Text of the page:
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Table of Contents

Memories of the Bureau, 1946 to 1962





Chapter 1: The Warren Years, 1946 to 1950
Warren the Man
Warren Joins the Bureau
Wartime Perceptions and Attitudes
Return to Civvy Street
People in the Bureau
Re-establishing and Reorganising the Bureau
Reorganisation of Central Office
The Position of Chief Scientific Officer
Post-War Reorganisation
The Haldane Story
Public Weather Services
The New South Wales Divisional Office
The Victorian Divisional Office
The Queensland Divisional Office
The South Australian Divisional Office
The Western Australian Divisional Office
The Tasmanian Divisional Office
Pre-war Services for Civil Aviation
Post-War Meteorological Service for Aviation
Indian Ocean Survey Flight
The Aviation Field Staff
Synoptic Analysis, Prognosis and Forecasting
Antarctic and Southern Ocean Meteorology
A Wider Scientific Horizon
Research, Development and Special Investigations
Analysts' Conference, April 1950
Instruments and Observations
Radar Winds and Radar Weather Watch
Climate and Statistics
The Universities
Achievements of the Warren Years

Chapter 2: International Meteorology

Chapter 3: The Timcke Years, 1950 to 1955

Chapter 4: A Year at the Massachusetts Institute of Technology

Chapter 5: The Dwyer Years, 1955 to 1962

Chapter 6: A Springboard for the Future

Appendix 1: References

Appendix 2: Reports, Papers, Manuscripts

Appendix 3: Milestones

Appendix 4: Acknowledgements

Appendix 5: Summary by H. N. Warren of the Operation of the Meteorological Section of Allied Air Headquarters, Brisbane, 1942–45



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With the large reduction in manpower following demobilisation from the RAAF and a major increase in requirements for meteorological services there was an urgent requirement to recruit and train suitably qualified personnel for a variety of positions in the Bureau.

In addition to the need for more meteorologists and observers the advances in technology during the war required training of technicians to maintain and operate radiosonde and radar equipment.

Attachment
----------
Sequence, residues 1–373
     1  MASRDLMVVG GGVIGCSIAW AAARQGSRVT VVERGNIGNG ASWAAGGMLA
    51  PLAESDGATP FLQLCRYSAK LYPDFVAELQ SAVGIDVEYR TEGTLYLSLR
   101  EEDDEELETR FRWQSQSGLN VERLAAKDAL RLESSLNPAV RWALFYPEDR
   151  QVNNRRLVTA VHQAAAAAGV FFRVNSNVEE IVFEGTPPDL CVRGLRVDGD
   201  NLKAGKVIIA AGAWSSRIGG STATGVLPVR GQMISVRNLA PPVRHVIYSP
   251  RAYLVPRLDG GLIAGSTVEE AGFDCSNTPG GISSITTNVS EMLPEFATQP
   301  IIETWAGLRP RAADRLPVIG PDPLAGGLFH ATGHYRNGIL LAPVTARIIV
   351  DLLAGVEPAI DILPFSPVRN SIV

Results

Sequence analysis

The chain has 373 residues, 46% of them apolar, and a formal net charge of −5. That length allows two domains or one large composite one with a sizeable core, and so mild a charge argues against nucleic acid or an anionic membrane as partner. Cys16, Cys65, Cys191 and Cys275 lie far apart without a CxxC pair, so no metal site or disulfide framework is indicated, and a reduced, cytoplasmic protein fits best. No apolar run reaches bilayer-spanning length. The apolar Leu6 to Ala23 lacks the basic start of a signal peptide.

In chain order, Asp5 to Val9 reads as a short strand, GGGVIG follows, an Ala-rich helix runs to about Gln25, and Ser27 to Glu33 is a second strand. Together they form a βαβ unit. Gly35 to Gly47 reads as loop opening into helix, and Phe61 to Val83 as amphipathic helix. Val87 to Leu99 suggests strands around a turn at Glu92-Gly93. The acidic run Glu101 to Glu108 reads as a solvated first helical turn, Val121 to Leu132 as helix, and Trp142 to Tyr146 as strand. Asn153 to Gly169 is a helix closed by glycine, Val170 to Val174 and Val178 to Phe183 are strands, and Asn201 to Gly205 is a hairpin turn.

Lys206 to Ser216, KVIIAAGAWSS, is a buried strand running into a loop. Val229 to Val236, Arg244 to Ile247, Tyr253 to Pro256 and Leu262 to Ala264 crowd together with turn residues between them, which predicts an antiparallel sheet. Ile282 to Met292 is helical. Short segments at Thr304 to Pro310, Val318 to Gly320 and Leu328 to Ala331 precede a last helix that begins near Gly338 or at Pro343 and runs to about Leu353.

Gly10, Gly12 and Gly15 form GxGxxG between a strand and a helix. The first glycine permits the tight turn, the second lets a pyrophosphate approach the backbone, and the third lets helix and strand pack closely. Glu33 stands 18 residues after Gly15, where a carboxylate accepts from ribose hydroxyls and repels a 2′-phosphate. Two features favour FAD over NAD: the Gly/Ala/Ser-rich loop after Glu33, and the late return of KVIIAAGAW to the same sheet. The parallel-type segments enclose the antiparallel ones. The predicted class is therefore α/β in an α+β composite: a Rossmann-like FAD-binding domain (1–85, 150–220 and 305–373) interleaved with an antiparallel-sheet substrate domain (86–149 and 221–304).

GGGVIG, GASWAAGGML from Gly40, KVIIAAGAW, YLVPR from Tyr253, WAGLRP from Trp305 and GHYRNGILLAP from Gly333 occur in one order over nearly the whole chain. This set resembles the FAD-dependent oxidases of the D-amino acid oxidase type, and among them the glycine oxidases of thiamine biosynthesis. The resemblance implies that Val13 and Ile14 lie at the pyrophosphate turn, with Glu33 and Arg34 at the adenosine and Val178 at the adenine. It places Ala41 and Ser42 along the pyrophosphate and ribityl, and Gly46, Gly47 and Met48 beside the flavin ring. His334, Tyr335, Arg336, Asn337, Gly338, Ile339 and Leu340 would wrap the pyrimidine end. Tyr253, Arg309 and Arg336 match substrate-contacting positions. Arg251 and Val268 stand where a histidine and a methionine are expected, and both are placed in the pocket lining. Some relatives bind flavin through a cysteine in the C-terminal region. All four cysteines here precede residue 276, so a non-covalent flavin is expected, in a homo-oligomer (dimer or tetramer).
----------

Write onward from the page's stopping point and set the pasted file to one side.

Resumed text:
Harry Ashton, a classmate of mine in the 1940 forecasters' training course, was well qualified to take charge of the Training School. It was located in the Horticultural Hall above the branch of the Commonwealth Bank on the corner of Victoria and Russell Streets, not far from 2 Drummond Street.

Before joining the Bureau in 1940 Harry had been a high school science teacher in South Australia. During the war he served as chief meteorological officer with the RAAF First Tactical Air Force in the Netherlands East Indies.

Harry, with the assistance of a staff which included Charlie James and Kevin Lomas, carried on the training program which Doug Forder had maintained during the war, with the assistance of Fritz Loewe and Uwe Radok of the University of Melbourne.

Doug chose to return to the teaching profession after the war but Harry remained with the Bureau.

People in Bright Sparcs - Ashton, Henry Tamblyn (Harry); Forder, Douglas Highmoor (Doug); Loewe, Fritz; Lomas, K. C. (Kev); Warren, Herbert Norman

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Gibbs, W. J. 1999 'A Very Special Family: Memories of the Bureau of Meteorology 1946 to 1962', Metarch Papers, No. 13 May 1999, Bureau of Meteorology

© Online Edition Australian Science and Technology Heritage Centre and Bureau of Meteorology 2001
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